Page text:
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Background

In the context of a legal/political philosophical writing, I have occasion to examine the relationship between one who makes a threat (the "threatener") and one against whom a threat has putatively been made (the "threatenee").

Preliminary Research

OED has an entry for "threatener." Google n-grams confirms that it is used, but only rarely. Notably, a general search reveals that its used almost exclusively in contexts like mine. However, there is no OED entry for "threatenee." N-grams lists no books, but a general search yields a number of hits works similar to those above. It seems as though "threatenee" is accepted, if in very limited use.

As an alternative, I am considering "the threatened" carrying the (to me obvious) sense of "the threatened [person]." Ambiguity might arise in situations where "the threatened [course of action]" is a reasonable interpretation, but I think those will be rare and can be dealt with contextually. There may be additional alternatives but I have no data on use or acceptability for any.

I have three questions:

  1. Is threatener / threatenee acceptable to you?
  2. If any part is not, can you suggest an alternative?
  3. Are there any general rules for determining the appropriate suffix in such cases?

Re: #3, This post on choosing verb to noun suffixes suggests there are no general rules. This post specifically on "er/or" suggests a German/Latin distinction between "er/or" for verb -> "acting on" noun. Other posts suggest that when both are available, choose based on contemporary usage (see, e.g. the post on canceller / cancellor), but there isn't much guidance when both are rare. Finally, this post specifically on "ee" suggests "ee" is acceptable for nearly any verb -> "acted on" noun so long as it will be clear to the audience.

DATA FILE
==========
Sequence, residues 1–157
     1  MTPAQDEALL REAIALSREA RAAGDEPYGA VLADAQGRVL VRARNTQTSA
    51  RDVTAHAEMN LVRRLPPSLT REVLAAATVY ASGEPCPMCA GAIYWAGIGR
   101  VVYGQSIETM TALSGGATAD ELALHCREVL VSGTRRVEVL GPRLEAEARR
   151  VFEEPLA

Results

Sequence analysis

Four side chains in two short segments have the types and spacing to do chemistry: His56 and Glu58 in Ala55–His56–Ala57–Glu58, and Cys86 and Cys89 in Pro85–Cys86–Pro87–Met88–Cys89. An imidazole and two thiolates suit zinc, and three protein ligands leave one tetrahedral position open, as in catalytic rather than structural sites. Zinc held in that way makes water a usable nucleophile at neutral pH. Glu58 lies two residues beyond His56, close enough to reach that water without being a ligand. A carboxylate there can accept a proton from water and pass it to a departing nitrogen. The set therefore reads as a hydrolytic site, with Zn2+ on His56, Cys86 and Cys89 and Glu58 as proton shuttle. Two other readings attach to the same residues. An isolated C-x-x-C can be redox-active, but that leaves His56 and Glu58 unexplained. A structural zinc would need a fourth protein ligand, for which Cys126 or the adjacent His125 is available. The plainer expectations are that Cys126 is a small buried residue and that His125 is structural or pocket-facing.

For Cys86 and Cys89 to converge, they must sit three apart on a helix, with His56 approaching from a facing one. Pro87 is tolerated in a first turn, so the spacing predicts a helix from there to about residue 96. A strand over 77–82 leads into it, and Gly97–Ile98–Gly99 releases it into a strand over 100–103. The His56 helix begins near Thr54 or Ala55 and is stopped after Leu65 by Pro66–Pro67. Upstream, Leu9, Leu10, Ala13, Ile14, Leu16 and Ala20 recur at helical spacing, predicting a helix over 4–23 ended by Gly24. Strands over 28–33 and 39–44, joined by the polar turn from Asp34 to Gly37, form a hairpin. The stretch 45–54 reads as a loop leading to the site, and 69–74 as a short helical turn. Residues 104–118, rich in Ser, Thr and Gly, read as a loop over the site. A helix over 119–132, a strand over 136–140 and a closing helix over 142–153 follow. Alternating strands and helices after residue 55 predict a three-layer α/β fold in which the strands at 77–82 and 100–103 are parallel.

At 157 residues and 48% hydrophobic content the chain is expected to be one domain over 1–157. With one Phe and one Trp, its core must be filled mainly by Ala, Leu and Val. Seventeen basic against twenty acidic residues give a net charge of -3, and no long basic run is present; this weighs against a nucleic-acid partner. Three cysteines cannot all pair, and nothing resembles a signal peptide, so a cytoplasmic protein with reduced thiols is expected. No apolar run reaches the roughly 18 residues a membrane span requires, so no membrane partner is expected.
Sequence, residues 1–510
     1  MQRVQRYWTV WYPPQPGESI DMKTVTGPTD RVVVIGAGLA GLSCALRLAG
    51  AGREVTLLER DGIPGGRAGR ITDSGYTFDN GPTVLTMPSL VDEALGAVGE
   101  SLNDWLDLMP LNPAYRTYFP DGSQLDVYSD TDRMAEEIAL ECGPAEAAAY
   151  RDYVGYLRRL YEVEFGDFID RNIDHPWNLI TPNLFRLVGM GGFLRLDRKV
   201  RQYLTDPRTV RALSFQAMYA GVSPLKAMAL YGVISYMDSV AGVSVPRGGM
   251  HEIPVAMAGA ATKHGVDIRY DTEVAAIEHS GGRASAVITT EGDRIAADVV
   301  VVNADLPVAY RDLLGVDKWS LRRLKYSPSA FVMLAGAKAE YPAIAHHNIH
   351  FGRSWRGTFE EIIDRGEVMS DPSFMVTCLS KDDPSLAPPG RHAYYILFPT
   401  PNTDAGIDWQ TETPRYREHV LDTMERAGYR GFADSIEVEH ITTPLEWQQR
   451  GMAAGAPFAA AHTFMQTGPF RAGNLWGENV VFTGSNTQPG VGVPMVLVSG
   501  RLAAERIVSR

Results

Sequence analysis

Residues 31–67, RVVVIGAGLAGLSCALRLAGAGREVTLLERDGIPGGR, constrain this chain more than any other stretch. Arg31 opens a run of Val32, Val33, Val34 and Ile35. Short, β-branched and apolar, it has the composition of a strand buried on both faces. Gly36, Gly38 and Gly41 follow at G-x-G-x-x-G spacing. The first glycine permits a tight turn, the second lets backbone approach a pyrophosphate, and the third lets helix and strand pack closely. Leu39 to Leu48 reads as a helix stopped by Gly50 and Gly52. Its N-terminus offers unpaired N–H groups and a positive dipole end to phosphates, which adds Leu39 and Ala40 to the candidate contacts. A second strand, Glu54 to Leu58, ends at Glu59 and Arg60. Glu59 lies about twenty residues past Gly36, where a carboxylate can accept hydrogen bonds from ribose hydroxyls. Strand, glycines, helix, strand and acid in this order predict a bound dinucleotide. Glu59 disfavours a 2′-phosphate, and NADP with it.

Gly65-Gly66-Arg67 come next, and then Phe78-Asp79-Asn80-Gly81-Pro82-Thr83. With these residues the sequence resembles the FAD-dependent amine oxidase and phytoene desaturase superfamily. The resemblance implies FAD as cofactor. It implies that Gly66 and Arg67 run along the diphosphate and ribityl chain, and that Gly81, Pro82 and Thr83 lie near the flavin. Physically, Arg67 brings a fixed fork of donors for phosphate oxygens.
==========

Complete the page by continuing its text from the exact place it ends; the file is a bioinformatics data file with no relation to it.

• I suspect that the question will resolve as "opinion" - i.e., an individual's penchant for style and tolerance for affected speech. "Threatened" and "threatenee" will be understood, but the latter may strike some as a needless resort to the French participial suffix. While there's probably no fast rule, one might simply ask "Is it really necessary?" – Rob_Ster Nov 17 '17 at 17:40
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    @Rob_Ster: I don't think necessity is relevant. Some words are needed but missing -- what's the infinitive of may? -- and some words are unneeded but go largely unremarked-upon: why do we need accountancy when we already have accounting? The only time anyone asks "Is it really necessary?" is when they already dislike something and are trying to come up with an excuse. – ruakh Nov 17 '17 at 20:48
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Many -er nouns built from verbs do not have -ee correlatives at the opposite end of the implied action. In some cases, the person or thing at the other end is also identified with an -er noun (giver, receiver; seller, buyer; pitcher, catcher; speaker, listener; writer, reader; teacher, learner; leader, follower). In others, the person or thing at the opposite end has no such -er noun match (murderer, victim, for example). And in some, an -ee form has appeared to fill a perceived void in at the opposite end of an action (assigner, assignee; trainer, trainee; payer, payee).

This last phenomenon has also occasionally extended to pairs that involve an -or noun (advisor, advisee; bailor, bailee; mentor, mentee) or even an -ant noun (appellant, appellee).

Some -ee nouns have lost their original counterpart or have otherwise altered form. A referee, for example, originated as a person to whom a referrer referred one or more questions for resolution, but no one watching a basketball game or a boxing match today expects the referee to sit idly by until requested to intervene in a dispute. Likewise, a trustee originated as someone whom a truster trusted to perform some important fiduciary (or other) task. And in a slightly different case, a designee is the counterpart not of a designer but of a designator.